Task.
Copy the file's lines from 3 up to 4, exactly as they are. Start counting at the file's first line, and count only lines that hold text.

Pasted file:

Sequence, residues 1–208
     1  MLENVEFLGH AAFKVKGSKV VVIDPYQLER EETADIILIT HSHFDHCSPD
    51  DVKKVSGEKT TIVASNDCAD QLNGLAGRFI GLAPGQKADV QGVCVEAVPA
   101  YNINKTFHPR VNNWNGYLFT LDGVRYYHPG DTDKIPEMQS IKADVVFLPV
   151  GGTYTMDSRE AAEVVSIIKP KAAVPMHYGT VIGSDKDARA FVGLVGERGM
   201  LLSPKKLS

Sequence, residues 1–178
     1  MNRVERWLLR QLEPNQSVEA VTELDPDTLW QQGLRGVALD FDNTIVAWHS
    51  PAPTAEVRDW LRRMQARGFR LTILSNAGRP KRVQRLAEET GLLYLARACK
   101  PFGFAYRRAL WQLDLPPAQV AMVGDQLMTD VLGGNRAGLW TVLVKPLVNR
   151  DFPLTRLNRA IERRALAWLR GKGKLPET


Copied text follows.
    51  DVKKVSGEKT TIVASNDCAD QLNGLAGRFI GLAPGQKADV QGVCVEAVPA
   101  YNINKTFHPR VNNWNGYLFT LDGVRYYHPG DTDKIPEMQS IKADVVFLPV